On "Krypton," nothing is as it seems: Black "Mercy" adds to the shocking weekly twists

The wedding of Lyta and Seg is a dream caused by Black Mercy symbiote

The last few episodes of the excellent Superman-based sci-fi series Krypton have been lessons in “Nothing is as it seems:” Doomsday wasn’t originally a villain, Brainiac wasn’t really purged from Seg-El on the first try, a character’s name can be changed into one with major significance, and characters thought to be…well, there will be no spoilers here about this week’s major twist.

This episode opens with an obvious dream sequence. Why is it obvious? Because Seg-El (Kal-El/Superman’s grandfather) and Lyta never eloped to Kryptonopolis and lived happily ever after, since Lyta was brutally executed by Jax-Ur.

The previews for this week’s episode revealed that Black Mercy would be a story element, so it's no spoiler that it is the reason behind the idealistic dreams we see. In the comics, Black Mercy was used on Superman by the alien Mongol in Alan Moore’s classic 1985 story "For The Man Who Has Everything", in Superman Annual #11. The Black Mercy placed Superman in a coma while his happiest dreams were made real to him. Mongul believed it to be the perfect trap and the ultimate defeat of Superman.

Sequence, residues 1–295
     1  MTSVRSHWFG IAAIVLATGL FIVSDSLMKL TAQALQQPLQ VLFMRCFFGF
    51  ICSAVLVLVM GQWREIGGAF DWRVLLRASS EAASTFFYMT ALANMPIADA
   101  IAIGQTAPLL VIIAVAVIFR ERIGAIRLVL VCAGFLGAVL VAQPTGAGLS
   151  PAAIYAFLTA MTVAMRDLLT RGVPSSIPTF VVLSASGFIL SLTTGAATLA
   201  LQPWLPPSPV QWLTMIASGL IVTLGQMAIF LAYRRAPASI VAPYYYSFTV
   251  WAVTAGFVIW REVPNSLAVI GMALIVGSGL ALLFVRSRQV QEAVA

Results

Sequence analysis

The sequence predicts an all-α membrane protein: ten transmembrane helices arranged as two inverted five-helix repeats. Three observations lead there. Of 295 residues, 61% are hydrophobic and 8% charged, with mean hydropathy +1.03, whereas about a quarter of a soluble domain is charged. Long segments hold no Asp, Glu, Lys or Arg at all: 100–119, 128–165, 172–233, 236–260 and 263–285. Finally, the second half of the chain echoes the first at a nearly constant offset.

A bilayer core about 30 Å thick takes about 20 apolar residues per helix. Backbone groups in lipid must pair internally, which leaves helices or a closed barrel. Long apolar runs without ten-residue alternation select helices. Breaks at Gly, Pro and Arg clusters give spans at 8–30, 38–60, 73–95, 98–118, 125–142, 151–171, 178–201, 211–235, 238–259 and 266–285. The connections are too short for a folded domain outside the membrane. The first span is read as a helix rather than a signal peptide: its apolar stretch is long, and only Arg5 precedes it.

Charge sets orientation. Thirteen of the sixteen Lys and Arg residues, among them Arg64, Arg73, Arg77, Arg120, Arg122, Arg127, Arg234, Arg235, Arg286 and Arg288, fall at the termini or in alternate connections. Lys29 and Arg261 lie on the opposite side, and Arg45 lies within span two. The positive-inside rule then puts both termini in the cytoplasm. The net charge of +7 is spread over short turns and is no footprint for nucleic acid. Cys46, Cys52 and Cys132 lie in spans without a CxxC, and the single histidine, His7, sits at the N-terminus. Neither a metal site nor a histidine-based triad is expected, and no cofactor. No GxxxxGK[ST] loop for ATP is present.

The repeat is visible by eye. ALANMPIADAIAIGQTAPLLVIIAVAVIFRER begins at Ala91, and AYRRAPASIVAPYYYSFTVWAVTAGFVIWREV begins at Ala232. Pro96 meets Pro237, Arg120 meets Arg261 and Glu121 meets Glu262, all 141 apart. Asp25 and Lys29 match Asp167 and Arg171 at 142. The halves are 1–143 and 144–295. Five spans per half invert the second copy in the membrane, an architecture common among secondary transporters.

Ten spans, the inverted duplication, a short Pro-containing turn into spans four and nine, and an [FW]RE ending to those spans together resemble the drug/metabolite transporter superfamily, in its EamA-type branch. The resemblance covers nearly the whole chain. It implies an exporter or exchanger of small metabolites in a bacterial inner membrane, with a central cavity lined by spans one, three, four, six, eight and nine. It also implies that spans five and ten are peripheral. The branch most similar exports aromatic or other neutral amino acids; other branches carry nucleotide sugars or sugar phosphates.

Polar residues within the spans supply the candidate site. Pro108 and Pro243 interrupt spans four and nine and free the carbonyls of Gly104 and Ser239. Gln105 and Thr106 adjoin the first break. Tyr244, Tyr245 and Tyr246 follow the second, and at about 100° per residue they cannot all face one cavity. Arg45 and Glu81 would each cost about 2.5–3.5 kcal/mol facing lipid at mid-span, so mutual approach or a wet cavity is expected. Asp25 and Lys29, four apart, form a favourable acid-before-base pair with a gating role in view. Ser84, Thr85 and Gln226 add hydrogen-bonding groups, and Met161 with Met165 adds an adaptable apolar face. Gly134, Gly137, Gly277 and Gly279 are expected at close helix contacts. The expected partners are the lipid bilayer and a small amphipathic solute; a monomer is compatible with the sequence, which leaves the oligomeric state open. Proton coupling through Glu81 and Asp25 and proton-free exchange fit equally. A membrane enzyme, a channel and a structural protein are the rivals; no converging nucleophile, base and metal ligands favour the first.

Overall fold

Zod has submitted a victim to the Black Mercy in order to extract toxins emitted during its symbiosis, to try to control the Doomsday creature.

In the comics, Black Mercy created experiences is so real and so pleasant for the victim, that they did not want to escape its clutches, but Zod's disturbance of the Black Mercy causes negative reactions, allowing the victim to escape the fantasy.

The alien symbiote’s invasion of a human subject is more graphic and nightmarish on Krypton than it was in the comics. I can only hope that Alan Moore's ending to his Black Mercy tale is repeated on Krypton.

Much admiration and kudos should be given to the costume designers and hairstylists on Krypton, for the elaborate and imaginative white and gold formal fashions of the wedding party and guests. Their collaborative designs are very futuristic, alien, and beautiful. They are yet more examples, along with the very convincing CGI views of Kryptonopolis, of the totally immersive alien experience that has been created on this show.

Previews for next week's episode show Doomsday in action, so don't miss it!

Krypton airs Wednesdays on SyFy.


Superman Annual #11 (1985) - Black Mercy

Superman: The Man of Steel #18-26 – Doomsday and the Death of Superman

Superman, Vol. 2 #75-83 – Doomsday and the Death of Superman

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